Alabama Court Upholds Ban on Commercial
Advertising in Navigable Waters
Parte Walter, 2002 WL 363718 (Ala. March 8, 2002)
S. Beth Windham, 3L
Spring, the Alabama Supreme Court affirmed the right of a municipality
to prohibit advertising by boats for aesthetic reasons. In allowing
municipalities to regulate this form of expression, the court decided
this kind of ordinance did not violate the right to free speech under
the First Amendment.1
The appellant, David Walter, operated a small tugboat, named the Sign
Bote, in the coastal waters of Alabama.2 The boat had an electronic
sign affixed and advertised adult novelties and sexy
swimwear for a Gulf Shores store.3 The City of Gulf Shores
initially notified Walter that advertising by boat was not permitted
in the Citys waters, citing general health and safety ordinances.
The city recommended that Walter apply for a municipal occupational
business license, even though the city had already denied a similar
application from another party.4 Walter requested the license
but was denied in part because of the offensive nature of his advertising.5
The City Council then immediately amended a city ordinance to prohibit
advertising using a boat on navigable waters. Afterwards, Walter allegedly
violated the ordinance eight times and was convicted of five violations.
and the First Amendment
On appeal of his conviction, Walter claimed the ordinance restricted
his commercial speech and violated his Constitutional rights. He argued
that the city adopted the ordinance in an unreasonable, arbitrary
and capricious manner. He postured that the general laws of the State
did not allow cities to pass ordinances regulating businesses based
on aesthetic reasons alone. The trial court found Gulf Shores
reliance on public welfare concerns was appropriate as it included
physical, aesthetic and monetary values.
The Alabama Supreme Court noted that Walters advertising was
commercial speech.6 Because commercial speech serves both the
purpose of advertising for the speaker and educating the consumer,
the government cannot completely prohibit commercial speech. However,
an ordinance may ban misleading or unlawful speech if it serves no
The court evaluated the advertising using a four-part test set by
the U.S. Supreme Court to ascertain whether commercial speech restrictions
were unconstitutional.7 The test required a determination of
whether (1) the expression was protected under the First Amendment,
(2) the government asserted a substantial governmental interest, (3)
the regulation directly advanced the governmental interest, and (4)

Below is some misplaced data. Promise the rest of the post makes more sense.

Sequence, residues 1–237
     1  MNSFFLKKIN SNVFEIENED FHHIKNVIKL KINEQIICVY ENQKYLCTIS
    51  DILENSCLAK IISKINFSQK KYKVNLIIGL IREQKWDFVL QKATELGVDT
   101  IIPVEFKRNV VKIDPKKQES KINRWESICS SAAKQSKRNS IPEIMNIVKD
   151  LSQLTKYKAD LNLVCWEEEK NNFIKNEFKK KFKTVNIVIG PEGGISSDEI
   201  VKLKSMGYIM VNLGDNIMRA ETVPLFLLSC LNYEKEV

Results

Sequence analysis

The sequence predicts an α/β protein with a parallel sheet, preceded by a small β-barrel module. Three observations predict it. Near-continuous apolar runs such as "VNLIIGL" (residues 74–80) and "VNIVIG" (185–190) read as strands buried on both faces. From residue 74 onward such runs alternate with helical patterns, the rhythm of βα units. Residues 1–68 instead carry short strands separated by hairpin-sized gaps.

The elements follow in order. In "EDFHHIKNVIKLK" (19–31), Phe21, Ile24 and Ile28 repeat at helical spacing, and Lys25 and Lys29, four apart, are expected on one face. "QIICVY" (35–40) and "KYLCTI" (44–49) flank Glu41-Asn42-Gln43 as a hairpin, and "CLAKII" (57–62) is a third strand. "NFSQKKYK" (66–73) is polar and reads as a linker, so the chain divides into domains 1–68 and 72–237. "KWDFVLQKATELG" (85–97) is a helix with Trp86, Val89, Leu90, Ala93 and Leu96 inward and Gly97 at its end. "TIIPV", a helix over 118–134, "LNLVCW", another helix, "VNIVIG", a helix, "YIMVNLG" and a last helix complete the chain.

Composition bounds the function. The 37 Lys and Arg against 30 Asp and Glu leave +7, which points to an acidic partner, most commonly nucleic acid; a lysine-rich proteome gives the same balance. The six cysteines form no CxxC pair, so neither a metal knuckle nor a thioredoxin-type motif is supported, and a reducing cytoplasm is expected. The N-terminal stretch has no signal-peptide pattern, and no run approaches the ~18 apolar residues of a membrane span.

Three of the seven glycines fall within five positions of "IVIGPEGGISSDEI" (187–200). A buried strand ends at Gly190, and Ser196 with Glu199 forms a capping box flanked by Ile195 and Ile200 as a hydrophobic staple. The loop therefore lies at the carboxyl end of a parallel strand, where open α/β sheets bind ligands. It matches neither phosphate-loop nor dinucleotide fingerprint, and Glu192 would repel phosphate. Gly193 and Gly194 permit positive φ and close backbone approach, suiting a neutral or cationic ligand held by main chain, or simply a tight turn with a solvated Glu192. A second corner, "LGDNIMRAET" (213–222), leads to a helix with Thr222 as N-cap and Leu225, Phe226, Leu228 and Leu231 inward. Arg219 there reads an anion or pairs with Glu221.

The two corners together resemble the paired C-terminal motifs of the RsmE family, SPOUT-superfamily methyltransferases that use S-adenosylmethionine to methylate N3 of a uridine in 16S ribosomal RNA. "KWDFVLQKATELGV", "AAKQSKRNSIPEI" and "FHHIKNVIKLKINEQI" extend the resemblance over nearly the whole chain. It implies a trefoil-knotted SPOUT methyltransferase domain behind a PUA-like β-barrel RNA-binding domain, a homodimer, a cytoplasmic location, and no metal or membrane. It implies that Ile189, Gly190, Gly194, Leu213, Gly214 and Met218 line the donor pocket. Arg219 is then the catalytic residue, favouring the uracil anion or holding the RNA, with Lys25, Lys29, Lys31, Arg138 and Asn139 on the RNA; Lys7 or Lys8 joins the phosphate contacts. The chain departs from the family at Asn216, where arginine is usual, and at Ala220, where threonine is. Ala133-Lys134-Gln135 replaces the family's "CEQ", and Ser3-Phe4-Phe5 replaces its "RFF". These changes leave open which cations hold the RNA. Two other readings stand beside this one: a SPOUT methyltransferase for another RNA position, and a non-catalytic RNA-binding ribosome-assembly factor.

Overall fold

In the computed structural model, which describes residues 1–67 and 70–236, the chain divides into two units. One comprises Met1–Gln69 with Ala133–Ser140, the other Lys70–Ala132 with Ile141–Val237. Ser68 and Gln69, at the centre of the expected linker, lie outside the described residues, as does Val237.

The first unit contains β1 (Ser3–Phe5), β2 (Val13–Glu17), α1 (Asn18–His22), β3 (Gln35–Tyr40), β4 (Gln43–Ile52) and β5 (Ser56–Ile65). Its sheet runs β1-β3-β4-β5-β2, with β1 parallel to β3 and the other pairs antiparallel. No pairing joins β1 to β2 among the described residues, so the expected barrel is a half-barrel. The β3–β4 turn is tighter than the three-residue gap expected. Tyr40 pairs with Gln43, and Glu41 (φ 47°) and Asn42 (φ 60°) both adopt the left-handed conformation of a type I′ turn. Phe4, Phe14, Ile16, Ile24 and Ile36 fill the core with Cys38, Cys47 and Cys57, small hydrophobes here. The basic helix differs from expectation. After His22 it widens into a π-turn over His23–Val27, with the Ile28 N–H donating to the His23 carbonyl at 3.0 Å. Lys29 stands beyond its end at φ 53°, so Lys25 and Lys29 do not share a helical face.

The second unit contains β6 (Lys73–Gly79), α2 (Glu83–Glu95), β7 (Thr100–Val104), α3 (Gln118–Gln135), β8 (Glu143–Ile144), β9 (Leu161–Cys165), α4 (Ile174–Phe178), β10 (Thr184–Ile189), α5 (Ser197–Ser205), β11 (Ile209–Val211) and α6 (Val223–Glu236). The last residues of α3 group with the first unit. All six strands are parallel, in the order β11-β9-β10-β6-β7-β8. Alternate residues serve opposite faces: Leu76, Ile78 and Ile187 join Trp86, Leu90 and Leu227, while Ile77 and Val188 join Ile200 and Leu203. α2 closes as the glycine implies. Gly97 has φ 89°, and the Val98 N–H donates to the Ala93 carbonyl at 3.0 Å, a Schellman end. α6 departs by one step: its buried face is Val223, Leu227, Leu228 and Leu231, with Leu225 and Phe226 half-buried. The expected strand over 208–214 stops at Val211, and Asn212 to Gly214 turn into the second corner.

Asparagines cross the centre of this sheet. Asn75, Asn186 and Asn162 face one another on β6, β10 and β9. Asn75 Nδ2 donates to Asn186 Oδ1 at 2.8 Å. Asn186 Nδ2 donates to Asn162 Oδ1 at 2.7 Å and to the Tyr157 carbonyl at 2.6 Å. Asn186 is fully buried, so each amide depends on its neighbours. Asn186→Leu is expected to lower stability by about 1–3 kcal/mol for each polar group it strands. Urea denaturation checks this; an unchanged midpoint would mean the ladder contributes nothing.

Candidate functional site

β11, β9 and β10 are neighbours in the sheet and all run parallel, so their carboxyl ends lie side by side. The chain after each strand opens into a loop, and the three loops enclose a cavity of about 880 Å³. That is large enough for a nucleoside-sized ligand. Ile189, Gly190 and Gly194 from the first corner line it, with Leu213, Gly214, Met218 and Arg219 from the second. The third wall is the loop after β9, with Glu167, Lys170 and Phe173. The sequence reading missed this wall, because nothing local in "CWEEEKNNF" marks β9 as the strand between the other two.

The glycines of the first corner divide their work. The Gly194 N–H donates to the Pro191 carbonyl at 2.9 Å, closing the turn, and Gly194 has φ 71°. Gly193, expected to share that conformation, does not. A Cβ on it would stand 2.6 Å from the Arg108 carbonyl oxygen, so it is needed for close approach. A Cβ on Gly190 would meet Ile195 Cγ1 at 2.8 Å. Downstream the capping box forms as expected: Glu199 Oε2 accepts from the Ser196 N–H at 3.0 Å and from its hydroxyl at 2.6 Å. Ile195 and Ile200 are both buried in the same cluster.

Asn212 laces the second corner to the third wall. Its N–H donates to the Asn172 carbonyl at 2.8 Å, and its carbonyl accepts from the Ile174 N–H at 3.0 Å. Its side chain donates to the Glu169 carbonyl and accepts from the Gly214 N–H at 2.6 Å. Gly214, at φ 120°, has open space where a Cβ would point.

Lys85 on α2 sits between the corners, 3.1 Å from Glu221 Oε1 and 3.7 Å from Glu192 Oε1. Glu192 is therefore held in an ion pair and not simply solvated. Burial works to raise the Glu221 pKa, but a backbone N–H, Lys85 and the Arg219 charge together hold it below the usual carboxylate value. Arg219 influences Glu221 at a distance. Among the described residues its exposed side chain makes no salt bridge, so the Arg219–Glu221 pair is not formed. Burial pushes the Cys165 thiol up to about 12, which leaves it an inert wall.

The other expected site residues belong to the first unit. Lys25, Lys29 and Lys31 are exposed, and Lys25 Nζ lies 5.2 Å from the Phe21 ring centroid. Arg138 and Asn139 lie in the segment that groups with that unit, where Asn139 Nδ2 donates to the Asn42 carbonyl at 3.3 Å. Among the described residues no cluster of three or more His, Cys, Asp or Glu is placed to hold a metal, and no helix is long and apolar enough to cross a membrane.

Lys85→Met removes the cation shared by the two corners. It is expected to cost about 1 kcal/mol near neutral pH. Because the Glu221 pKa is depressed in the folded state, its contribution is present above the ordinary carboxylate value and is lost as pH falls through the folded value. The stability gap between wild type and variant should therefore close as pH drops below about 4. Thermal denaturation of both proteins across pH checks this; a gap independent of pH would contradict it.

a less restrictive regulation could serve the interest.8 While
acknowledging that commercial speech is protected, the court noted
that it does not have the same high level of protections as other
forms of Constitutionally protected speech such as speaking in public
forums. In analyzing the governments interests, the court recognized
a strong interest in aesthetic improvement acknowledging the unique
position of a coastal city such as Gulf Shores stating the aesthetic
value of preserving the natural beauty of that coastline for a city
heavily dependent on tourism cannot be overstated. Barring waterborne
signage to avoid creating a carnival type atmosphere is a permissible
exercise of the Citys police power.9 Consequently,
the court reasoned that the regulation directly advanced the governmental
objective. Finally, failing to find any narrower restriction that
would meet the governments interest, the court granted deference
to the level of effectiveness of the measure as determined by the
Walter also challenged the lower courts requirement that he
carry the burden of proof to show that his constitutional rights were
violated.10 In particular, Walter relied on a Supreme Court
case that stated the party seeking to uphold a restriction on
commercial speech carries the burden of justifying it.11
The Court responded, without analysis, that the City did admit a transcript
of the City Council meeting in which the ordinance was passed and
found this satisfied the citys burden.12
1. The First Amendment states Congress shall make no law. .
.abridging the freedom of speech, or of the press; or the right of
the people peaceably to assemble, and to petition the government for
a redress of grievances. U.S. Const. amend. I.
2. Ex Parte Walter, 2002 WL 363718, *1 (Ala. March 8, 2002).
3. Id. at *2.
4. Id. at *1.
5. Id. at *2 (while it was undisputed that the vessel did not exhibit
lewd or obscene advertising, there was evidence presented that at
least one council member voted against the license because he had
received complaints that some of the advertising, promoting adult
toys, was considered offensive by some residents).
6. Id. at *3.
7. Id. at *7, citing Central Hudson Gas v. Public Serv. Commn.,
447 U.S. 557 (1980).
8. Id., citing Supersign of Boca Raton, Inc. v. City of Fort Lauderdale,
766 F.2d 1528,1530 (11th Cir. 1985).
9. Id. at *8.
10. Id. at *3.
11. Edenfield v. Fane, 507 U.S. 761, 770-771 (1993).
12.Walter at *4.